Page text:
system — 2012-12-24T07:49:30-05:00 — #1
I use this method as an image replacement.
It works good for single images, sprite technique, users with disabled images or JS don't suffer.
However, I once read (somewhere, don't remember now) that text content that is hidden, covered with image might be not good from SEO perspective. Is it true or was it true? Any experiences on this field?
I know that some companies tried to cheat like that and hide tons of keywords under banners. As far as I remember Google used to banned such websites. However, image replacement used for buttons or labels/titles should be treated as a technique for cheating by SE.
I work for a big project now and would like to make sure that I don't get banned or something for such stupid thing.
technobear — 2012-12-24T07:58:08-05:00 — #2
The problem, as I understand it, is with techniques which try to hide text from human visitors whilst presenting it to the search engines. This technique doesn't do that, as such. Also, Google is probably smart enough to recognise this type of technique, which is popularly applied to headings, and is certainly smart enough to distinguish a few words hidden by an image from vast screeds of keyword-stuffed garbage hidden from view but served up to search engines. I think you can stop worrying. :)
benbob — 2012-12-24T13:30:38-05:00 — #3
In that case, stay far from any "hiding"or "cloaking" techniques or any other blackhat tricks. Google have declared war on any and all forms of "gaming" of serp rankings and trying to outsmart them is taking a big risk. A very big risk. And rightfully so.
system — 2012-12-29T10:53:12-05:00 — #4
I noticed that Amazon uses the same technique for sprite buttons so I guess I can as well.
Thanks for your advices.
herrys — 2013-01-02T22:43:55-05:00 — #5
The web crawlers won't be able to crawl image and the link on it but they will be able to read what have been written at the "alt" tag of that image. So, it will beneficial to use this attribute to link the image to a webpage.
sdgsteve — 2013-01-03T14:41:32-05:00 — #6
Technobear alludes to it but I think you're referring to a really old SEO practice where designers would place a huge pile of keywords into white space on their site, colouring it the same as the background colour. In that way human visitors didn't really notice it but search engines would find tons of keywords, we're talking 15 odd years ago when search engines were pretty basic. Very quickly Google and others started busting down websites using this technique. I don't think it applies to what you're talking about at all.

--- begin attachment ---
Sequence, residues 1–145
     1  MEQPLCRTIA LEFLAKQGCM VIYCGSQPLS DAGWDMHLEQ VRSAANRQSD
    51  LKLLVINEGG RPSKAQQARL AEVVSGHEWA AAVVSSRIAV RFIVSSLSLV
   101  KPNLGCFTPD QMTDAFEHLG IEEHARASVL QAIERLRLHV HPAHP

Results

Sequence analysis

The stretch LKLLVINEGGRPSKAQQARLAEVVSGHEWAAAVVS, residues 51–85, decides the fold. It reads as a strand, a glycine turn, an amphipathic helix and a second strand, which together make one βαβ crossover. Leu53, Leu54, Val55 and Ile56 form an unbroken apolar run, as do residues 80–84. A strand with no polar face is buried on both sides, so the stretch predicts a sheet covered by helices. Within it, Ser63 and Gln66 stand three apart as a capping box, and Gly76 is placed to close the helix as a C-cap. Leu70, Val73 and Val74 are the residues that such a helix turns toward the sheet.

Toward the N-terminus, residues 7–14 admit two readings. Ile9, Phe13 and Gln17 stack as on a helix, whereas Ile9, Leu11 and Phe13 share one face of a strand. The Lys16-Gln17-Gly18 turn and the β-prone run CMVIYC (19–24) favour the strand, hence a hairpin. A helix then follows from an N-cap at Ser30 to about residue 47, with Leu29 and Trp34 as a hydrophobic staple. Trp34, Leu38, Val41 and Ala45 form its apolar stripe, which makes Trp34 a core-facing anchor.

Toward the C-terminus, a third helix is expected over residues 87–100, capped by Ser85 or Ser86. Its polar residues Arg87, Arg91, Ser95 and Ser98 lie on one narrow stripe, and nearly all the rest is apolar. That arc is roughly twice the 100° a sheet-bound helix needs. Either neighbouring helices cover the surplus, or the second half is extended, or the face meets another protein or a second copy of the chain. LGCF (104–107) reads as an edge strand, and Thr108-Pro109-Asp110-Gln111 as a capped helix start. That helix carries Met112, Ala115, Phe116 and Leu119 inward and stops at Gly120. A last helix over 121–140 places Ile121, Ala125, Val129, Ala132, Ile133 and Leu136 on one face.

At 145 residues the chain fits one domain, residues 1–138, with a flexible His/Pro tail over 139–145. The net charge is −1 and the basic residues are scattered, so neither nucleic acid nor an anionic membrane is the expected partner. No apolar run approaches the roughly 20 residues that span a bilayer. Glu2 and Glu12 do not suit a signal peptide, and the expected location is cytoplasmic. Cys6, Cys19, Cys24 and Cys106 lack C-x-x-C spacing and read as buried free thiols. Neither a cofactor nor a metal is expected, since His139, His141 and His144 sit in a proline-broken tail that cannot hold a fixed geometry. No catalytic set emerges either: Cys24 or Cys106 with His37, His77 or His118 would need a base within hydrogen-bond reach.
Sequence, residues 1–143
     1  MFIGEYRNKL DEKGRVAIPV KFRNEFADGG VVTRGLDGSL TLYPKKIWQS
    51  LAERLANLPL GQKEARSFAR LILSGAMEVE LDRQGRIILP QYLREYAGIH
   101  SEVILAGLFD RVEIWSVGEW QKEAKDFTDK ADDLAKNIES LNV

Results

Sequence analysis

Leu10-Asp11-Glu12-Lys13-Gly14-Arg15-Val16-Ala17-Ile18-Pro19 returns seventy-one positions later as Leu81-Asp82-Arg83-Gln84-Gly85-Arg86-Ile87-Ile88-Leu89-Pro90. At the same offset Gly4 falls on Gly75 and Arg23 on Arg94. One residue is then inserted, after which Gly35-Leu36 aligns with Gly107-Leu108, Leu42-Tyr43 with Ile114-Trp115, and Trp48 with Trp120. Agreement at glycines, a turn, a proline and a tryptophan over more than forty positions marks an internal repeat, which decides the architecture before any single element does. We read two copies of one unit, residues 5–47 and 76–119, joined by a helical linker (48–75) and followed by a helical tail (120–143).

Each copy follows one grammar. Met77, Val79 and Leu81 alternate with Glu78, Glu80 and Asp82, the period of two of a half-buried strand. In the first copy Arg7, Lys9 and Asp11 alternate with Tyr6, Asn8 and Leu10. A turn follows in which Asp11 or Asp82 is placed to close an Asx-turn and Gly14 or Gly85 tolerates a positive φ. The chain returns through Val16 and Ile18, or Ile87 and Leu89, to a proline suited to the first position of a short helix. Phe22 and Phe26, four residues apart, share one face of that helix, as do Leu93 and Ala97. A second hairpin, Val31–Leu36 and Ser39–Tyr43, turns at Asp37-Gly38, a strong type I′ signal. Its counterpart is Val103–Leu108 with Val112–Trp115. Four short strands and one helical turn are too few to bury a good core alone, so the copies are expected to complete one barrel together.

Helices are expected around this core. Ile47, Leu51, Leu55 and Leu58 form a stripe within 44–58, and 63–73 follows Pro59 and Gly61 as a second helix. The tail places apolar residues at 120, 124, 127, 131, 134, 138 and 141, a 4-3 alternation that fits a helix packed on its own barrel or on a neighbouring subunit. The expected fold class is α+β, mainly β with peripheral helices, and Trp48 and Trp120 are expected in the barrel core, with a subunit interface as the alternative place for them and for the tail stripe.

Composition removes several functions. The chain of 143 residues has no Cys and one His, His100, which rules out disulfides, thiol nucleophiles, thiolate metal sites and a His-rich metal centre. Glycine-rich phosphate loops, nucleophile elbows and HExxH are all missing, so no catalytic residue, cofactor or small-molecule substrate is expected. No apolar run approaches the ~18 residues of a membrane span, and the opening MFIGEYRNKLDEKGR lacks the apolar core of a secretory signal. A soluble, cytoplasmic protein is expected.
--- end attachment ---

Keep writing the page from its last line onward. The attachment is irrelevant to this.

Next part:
chaithu — 2013-01-07T06:41:18-05:00 — #7
As Search Engines will not index Images so we suppose to give some alt text with images related keywords.. So that SE will consider image related to that alt text...
Coming to hidden text...
As you said it will be worst practice to manipulate Search Engines..
duffyace — 2013-01-07T22:01:37-05:00 — #8
I use this exact method when there's no room for a "real" H1 on a page and I haven't had any issues yet. The big site that I use this method on ranks at #3 right now for their main keyword of high competition and has consistently been top 5 for a few years. It is something that I try to avoid if I can though since the H1 also has an <a href> in it... I've always actually been more concerned that the search engines wouldn't see it as a legitimate H1 since it's more accurately a link wrapped in H1 tags. In my mind an H1 should be something that the end user (and for the engines a crawler) can use as a headline for the main subject of a page. A link indicates a path to elsewhere on the site, so even if it's linking back to the root homepage it's still just a weird loop.
One thing I'd definitely recommend is using this only on the home page, if possible. It's usually a case where you can't stick an H1 solely on the homepage, but you can on sub-pages. In those instances I change the logo to a <span> class on inner pages and then have a 100% legitimate H1 tag.